Nanotechnology Now







Heifer International

Wikipedia Affiliate Button


DHgate

Home > Press > Monash team learns from nature to split water

Abstract:
An international team of researchers led by Monash University has used chemicals found in plants to replicate a key process in photosynthesis paving the way to a new approach that uses sunlight to split water into hydrogen and oxygen.

Monash team learns from nature to split water

Australia | Posted on August 17th, 2008

The breakthrough could revolutionise the renewable energy industry by making hydrogen - touted as the clean, green fuel of the future - cheaper and easier to produce on a commercial scale.

Professor Leone Spiccia, Mr Robin Brimblecombe and Dr Annette Koo from Monash University teamed with Dr Gerhard Swiegers at the CSIRO and Professor Charles Dismukes at Princeton University to develop a system comprising a coating that can be impregnated with a form of manganese, a chemical essential to sustaining photosynthesis in plant life.

"We have copied nature, taking the elements and mechanisms found in plant life that have evolved over 3 billion years and recreated one of those processes in the laboratory," Professor Spiccia said.

"A manganese cluster is central to a plant's ability to use water, carbon dioxide and sunlight to make carbohydrates and oxygen. Man-made mimics of this cluster were developed by Professor Charles Dismukes some time ago, and we've taken it a step further, harnessing the ability of these molecules to convert water into its component elements, oxygen and hydrogen," Professor Spiccia said.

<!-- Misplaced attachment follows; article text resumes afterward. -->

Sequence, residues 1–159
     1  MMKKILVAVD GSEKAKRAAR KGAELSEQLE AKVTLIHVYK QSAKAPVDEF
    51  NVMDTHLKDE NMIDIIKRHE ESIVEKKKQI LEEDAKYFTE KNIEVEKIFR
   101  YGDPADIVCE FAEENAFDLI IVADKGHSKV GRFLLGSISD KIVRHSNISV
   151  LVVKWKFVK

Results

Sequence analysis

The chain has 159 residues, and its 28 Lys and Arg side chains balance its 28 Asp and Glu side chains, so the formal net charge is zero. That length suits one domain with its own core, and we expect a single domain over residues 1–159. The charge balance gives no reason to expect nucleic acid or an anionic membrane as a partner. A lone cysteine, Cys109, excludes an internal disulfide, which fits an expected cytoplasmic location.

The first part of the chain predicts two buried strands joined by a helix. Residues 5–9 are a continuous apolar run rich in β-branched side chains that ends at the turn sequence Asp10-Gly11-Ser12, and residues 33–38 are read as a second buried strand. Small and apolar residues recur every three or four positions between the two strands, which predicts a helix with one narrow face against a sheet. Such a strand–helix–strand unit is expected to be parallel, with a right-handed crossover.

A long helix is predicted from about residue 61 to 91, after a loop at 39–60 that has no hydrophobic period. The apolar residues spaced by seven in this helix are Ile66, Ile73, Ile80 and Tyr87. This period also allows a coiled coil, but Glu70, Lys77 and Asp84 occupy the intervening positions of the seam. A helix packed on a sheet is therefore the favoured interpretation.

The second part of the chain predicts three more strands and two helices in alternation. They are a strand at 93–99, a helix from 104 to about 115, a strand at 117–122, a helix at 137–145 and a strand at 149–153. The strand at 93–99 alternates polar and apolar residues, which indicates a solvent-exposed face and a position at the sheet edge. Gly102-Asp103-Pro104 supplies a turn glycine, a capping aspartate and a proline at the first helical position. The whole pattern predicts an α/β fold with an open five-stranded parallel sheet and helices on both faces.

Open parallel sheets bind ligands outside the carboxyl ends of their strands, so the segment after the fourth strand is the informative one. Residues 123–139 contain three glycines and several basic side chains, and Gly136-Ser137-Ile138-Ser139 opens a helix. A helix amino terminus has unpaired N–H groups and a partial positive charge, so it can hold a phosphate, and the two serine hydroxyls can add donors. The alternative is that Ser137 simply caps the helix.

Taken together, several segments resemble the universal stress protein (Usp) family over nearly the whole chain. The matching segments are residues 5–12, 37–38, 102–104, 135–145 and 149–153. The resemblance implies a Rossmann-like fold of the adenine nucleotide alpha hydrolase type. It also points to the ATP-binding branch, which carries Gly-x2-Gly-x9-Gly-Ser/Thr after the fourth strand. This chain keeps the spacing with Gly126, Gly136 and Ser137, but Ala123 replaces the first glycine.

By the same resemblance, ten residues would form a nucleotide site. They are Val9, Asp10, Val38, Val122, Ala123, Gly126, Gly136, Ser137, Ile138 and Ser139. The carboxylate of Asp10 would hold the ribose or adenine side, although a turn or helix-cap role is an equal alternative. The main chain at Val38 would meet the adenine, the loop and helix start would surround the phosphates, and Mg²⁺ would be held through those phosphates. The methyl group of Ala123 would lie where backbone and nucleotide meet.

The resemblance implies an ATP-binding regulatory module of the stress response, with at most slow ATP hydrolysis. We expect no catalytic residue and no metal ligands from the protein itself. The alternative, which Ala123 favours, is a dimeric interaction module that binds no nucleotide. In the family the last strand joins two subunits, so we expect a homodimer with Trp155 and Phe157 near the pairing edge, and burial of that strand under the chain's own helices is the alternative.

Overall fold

"The breakthrough came when we coated a proton conductor, called Nafion, onto an anode to form a polymer membrane just a few micrometres thick, which acts as a host for the manganese clusters."

"Normally insoluble in water, when we bound the catalyst within the pores of the Nafion membrane, it was stabilised against decomposition and, importantly, water could reach the catalyst where it was oxidised on exposure to light."

This process of "oxidizing" water generates protons and electrons, which can be converted into hydrogen gas instead of carbohydrates as in plants.

"Whilst man has been able to split water into hydrogen and oxygen for years, we have been able to do the same thing for the first time using just sunlight, an electrical potential of 1.2 volts and the very chemical that nature has selected for this purpose," Professor Spiccia said

Testing revealed the catalyst assembly was still active after three days of continuous use, producing oxygen and hydrogen gas in the presence of water, an electrical potential and visible light.

Professor Spiccia said the efficiency of the system needed to be improved, but this breakthrough had huge potential. "We need to continue to learn from nature so that we can better master this process."

"Hydrogen has long been considered the ideal clean green fuel, energy-rich and carbon-neutral. The production of hydrogen using nothing but water and sunlight offers the possibility of an abundant, renewable, green source of energy for the future for communities across the world."